Typically for me (even then), I wrote an epic. It was one of those slow-fast-slow things. I had written a tune just before leaving Vancouver and I wrote the arrangement during the clinic, being inspired by the Kenton band. In the double time section I included space for some solo work by Jeff Uusitalo and Tim Hagans. I remember handing out the parts and Dick Shearer, on noticing Uusitalo’s solo spot, telling me that he could solo as well. Of course he was smiling as he made the comment.

The chart came out fairly well and after I collected my parts and started to leave the stage Stan motioned me over and congratulated me on my chart. I was in heaven.

In front of the stage was a table. I don’t remember everyone that was sitting at the table listening to the student charts but I do remember Bob Curnow. He motioned me over and asked me what I was up to and was I going to school. Little did I know that many years later I would get to know Bob fairly well and that he would publish some of my big band music.

Here is a picture of me conducting the Stan Kenton Orchestra in the summer of 1976. Seated in the chair attentively listening is Stan Kenton with Dave Bardhun playing piano. The saxophones are Terry Layne (alto), Roy Reynolds (tenor) is behind Ramon Lopez (congas) and Alan Yankee is on the end playing baritone. I cannot remember the other visible saxophone player’s name. Gary Hobbs is the drummer and John Worster is playing bass. You can just make out Tim Hagans, Steve Campos, Dave Kennedy and Joe Casano in the trumpet section (I’m standing directly in front of Jay Sollenberger). The tuba/bass trombone player is Doug Purviance and Dick Shearer is just barely visible. I have a cassette of my chart around somewhere.

Fred Stride conducts the Stan Kenton Orchestra

Fred Stride conducts the Stan Kenton Orchestra

On the last day of the week long clinic all the student bands were to perform a few tunes (I remember our program included Jerry Dodgion’s arrangement of Marian McPartland’s Ambiance and Pat William’s Mr Smoke). Well, there were so many bands (20 I think) performing on the final day that the Kenton band never played their final concert. Still, while that was a bit of a disappointment, we did get hear them play quite a bit during the week, especially their rehearsals of the music for their upcoming recording - Journey to Capricorn.

That week was a great experience. I loved every minute of it and it is burned into my memory.


Have you ever gone to a concert knowing you will hear some good music, but then when its over you feel like that you have just had one of the best listening experiences ever? Well, that was my experience last Sunday evening at The Centre in Vancouver for Performing Arts. On the first half of the double bill was drummer Terry Clarke’s trio with Don Thompson (bass) and Phil Dwyer (tenor sax). Both Don and Phil moved over to the piano on occasion, but this was essentially a chord less trio. Terry has long been one of my favourite drummers and I looked forward to hearing his group.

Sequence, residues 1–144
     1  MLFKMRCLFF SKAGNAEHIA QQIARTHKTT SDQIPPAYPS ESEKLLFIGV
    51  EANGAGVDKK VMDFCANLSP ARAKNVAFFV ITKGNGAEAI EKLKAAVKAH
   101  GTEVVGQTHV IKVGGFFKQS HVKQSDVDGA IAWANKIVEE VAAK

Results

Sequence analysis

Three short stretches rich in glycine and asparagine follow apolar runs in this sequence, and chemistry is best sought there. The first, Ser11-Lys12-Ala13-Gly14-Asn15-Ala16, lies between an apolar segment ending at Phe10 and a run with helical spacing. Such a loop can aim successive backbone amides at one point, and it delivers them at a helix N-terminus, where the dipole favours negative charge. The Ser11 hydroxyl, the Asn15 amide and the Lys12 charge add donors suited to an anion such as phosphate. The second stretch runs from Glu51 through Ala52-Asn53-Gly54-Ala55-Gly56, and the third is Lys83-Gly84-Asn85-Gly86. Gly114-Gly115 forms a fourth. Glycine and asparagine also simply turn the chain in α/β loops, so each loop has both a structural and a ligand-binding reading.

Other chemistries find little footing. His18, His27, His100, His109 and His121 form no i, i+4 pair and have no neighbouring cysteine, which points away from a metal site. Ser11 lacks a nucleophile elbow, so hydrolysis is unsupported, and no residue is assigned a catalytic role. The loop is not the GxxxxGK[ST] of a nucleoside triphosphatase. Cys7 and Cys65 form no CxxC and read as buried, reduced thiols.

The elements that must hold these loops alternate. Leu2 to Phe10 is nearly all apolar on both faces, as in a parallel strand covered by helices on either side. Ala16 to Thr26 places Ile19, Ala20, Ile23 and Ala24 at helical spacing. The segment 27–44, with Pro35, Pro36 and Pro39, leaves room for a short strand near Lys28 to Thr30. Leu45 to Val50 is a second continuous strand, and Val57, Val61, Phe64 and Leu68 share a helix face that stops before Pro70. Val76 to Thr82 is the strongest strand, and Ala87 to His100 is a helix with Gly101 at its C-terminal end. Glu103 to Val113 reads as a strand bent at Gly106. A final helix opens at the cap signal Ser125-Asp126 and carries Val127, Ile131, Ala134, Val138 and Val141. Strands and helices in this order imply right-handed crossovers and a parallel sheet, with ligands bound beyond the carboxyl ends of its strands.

They did not disappoint. Their playing was excellent throughout the set, particularly the bass-less ballad, where Don had moved over to the piano. They ended their portion of the program with an exciting performance of Sonny Rollins’ Freedom Suite. My only quibble was the sound man had added a little much “high end” on the cymbals which tended to detract at times.

After an intermission, which is never much fun in the cramped lobby of the Centre, a new Steinway piano and Chick Corea entered. I’ve seen Corea perform several times over the years, but always with a band of some sort. This time he was on his own.

I had never heard, or at least I don’t remember hearing him, address the audience. He was very casual and funny, sometimes referring to his performance as personal practice time. Well, if that is what it is like to hear him practice…

I could run through all the titles, but I don’t know if that is really necessary. What hit me most was the range of expressiveness he has. His impeccable time and rhythmic sense, his beautiful touch and melodic inventiveness and his impressive harmonic vocabulary.

Besides playing some of his own music, including some wonderful improvisations on some of his Children’s Songs, Chick also played tunes by Thelonious Monk, Duke Ellington and Bill Evans and Alexander Scriabin. Actually I feel a little uncomfortable referring to Scriabin’s piano work as a tune. Anyway, I guess we tend to forget that players, like Corea, who write and play their own music, can also play the classics. But in the case of these standards he did not play straight up versions following the form. In each case he deconstructed the original structurally, melodically and harmonically, breathing some great new life in to them. Of course I never mind hearing yet another version of ‘Round Midnight, or any of the other tunes he played. Corea’s solo piano versions of these very familiar tunes were something else.

At the end of his performance I wanted to run home and practice. I was truly inspired. Sunday, June 27, 2010, will go down in my book as one of those great, memorable concerts I have attended over the years.